Micro-World Gems & Gemology, Summer 2016, Vol. 52, No. 2

Inclusions in Burmese Amber

Tropidogyne flower in amber
Figure 1. This Tropidogyne flower is still attached to its stem and has a small flea-like bug near its right side, as seen with darkfield and fiber-optic illumination. Photomicrograph by Victoria Raynaud; field of view 5.97 mm.

Burmese amber has been well documented in the paleontological literature, but is overshadowed in the gemological community by material from the Dominican Republic and the Baltic area. Despite the armed conflict in the Hukawng Valley, possibly the world’s largest tiger reserve, accessibility has improved and amber production has steadily increased since 2014. As a result, more Burmese amber is reaching the marketplace. We have observed rising interest in the Bangkok, China, and Hong Kong markets, with specimens containing large inclusions of flora and fauna in great demand and commanding high prices. The samples presented here (figures 1–3) were acquired during a January 2016 field expedition to the Hukawng Valley and are now part of the GIA research collection.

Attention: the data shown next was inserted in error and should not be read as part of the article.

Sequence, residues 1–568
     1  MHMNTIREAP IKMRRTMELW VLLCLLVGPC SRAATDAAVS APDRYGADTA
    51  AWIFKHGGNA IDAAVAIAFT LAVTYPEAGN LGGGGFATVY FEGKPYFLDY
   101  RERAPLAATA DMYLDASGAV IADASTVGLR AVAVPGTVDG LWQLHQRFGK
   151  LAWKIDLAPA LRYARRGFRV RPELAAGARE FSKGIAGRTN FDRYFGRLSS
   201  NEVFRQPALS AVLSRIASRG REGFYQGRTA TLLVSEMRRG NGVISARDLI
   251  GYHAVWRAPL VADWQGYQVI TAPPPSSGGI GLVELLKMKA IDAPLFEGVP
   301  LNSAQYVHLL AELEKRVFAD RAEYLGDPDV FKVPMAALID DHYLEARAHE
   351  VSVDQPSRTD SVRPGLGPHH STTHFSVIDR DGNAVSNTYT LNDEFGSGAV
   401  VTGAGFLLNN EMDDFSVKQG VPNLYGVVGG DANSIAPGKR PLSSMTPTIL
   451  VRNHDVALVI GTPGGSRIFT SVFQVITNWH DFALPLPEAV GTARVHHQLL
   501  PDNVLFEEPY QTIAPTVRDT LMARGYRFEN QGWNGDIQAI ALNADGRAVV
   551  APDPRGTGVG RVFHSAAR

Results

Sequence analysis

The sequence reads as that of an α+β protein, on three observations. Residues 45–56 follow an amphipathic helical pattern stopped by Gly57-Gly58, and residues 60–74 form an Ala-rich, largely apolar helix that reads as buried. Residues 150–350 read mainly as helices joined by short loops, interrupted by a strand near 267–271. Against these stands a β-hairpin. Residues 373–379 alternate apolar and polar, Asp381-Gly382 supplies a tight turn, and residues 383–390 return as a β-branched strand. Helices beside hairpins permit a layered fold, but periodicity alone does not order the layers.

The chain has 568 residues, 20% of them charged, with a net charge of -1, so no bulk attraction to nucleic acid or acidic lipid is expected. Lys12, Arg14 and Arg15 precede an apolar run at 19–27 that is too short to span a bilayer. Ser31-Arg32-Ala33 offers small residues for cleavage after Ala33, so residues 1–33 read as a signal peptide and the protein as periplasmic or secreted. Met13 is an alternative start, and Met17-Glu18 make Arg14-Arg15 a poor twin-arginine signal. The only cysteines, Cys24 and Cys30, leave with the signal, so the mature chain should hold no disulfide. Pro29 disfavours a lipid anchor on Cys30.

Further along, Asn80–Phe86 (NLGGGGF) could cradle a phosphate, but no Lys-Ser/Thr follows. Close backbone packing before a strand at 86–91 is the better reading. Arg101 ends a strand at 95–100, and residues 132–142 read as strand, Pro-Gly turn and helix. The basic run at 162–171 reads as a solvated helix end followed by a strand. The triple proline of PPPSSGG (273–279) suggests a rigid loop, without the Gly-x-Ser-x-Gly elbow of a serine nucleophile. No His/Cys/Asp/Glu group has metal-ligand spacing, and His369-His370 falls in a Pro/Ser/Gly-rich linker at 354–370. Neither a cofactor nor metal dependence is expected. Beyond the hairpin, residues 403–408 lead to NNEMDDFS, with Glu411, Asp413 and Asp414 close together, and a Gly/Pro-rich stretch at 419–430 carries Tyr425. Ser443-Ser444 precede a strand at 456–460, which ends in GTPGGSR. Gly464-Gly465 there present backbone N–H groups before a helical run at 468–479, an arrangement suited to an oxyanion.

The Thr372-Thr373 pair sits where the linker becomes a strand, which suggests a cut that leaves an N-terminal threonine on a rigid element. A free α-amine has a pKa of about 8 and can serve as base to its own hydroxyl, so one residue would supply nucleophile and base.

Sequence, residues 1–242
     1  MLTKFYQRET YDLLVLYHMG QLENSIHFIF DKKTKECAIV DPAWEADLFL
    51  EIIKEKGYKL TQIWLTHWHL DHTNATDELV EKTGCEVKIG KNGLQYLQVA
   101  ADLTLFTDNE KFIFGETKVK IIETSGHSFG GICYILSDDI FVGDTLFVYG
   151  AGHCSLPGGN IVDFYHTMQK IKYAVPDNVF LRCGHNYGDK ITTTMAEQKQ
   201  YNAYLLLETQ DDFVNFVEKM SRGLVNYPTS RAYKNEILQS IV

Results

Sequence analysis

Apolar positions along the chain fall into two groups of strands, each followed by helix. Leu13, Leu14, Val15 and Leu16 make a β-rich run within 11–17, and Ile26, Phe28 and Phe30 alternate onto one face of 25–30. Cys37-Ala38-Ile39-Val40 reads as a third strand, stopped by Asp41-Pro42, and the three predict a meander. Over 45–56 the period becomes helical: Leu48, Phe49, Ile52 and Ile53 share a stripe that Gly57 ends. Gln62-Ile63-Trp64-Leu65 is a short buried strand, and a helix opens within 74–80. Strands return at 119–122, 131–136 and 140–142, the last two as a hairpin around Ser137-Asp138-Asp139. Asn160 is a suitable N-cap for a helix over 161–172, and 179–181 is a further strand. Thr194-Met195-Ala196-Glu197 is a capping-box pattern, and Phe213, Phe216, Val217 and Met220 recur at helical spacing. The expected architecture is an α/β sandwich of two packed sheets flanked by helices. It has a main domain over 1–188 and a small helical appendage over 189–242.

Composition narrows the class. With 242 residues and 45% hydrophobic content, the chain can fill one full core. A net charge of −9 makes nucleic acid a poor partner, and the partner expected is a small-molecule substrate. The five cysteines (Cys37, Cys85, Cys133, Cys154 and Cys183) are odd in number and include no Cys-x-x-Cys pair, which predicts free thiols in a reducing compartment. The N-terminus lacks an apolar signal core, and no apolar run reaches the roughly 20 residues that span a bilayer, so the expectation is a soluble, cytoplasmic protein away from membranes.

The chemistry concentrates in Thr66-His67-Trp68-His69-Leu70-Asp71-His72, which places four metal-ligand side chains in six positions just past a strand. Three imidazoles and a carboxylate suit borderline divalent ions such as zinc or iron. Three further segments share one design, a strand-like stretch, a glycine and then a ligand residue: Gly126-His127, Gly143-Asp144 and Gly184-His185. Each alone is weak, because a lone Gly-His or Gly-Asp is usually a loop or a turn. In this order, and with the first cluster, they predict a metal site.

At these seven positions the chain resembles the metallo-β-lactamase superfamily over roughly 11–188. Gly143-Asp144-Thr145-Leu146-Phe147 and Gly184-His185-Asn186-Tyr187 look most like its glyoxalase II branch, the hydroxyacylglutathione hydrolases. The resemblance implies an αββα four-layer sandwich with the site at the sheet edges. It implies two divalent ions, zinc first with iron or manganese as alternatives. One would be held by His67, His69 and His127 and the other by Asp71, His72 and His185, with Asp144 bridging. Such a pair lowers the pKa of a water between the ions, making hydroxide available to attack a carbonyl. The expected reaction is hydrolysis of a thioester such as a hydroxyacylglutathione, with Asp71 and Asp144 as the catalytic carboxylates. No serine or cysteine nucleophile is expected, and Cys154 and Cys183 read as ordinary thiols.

Spider trapped in amber
Figure 2. This spider is surrounded by small air bubbles and plant debris. It is very easy to resolve fine details, such as individual hairs and different sets of eyes. The sample is illuminated with a combination of diffuse brightfield and fiber-optic light. Photomicrograph by Victoria Raynaud; field of view 7.20 mm.
Fly in amber
Figure 3. Left: The delicate features of this fly, particularly its wings, are surrounded by gas bubbles and trichomes (hair-like structures that grow on plants). Right: This image demonstrates the excellent preservation qualities of amber, as evidenced by the detailed structure of the fly’s eye. Photomicrographs by Victoria Raynaud; field of view 4.80 mm (left) and 0.86 mm (right). Brightfield and fiber-optic illumination.

These amber specimens are interesting because they potentially preserve evidence from biological environments of 80 to 100 million years ago (G. Shi et al., “Age constraint on Burmese amber based on U–Pb dating of zircons,” Cretaceous Research, Vol. 37, 2012, pp. 155–163, www.sciencedirect.com/science/article/pii/S0195667112000535). They are significantly older than amber from the Dominican Republic, estimated at 25–40 million years old) and the Baltic region, which are about 25–28 million years old (D. Penney, Biodiversity of Fossils in Amber from the Major World Deposits, Siri Scientific Press, Manchester, United Kingdom, 2010).

Victoria Raynaud is a trainee analyst, Vincent Pardieu is senior manager in the field gemology department, and Wim Vertriest is a trainee in the field gemology department at GIA in Bangkok.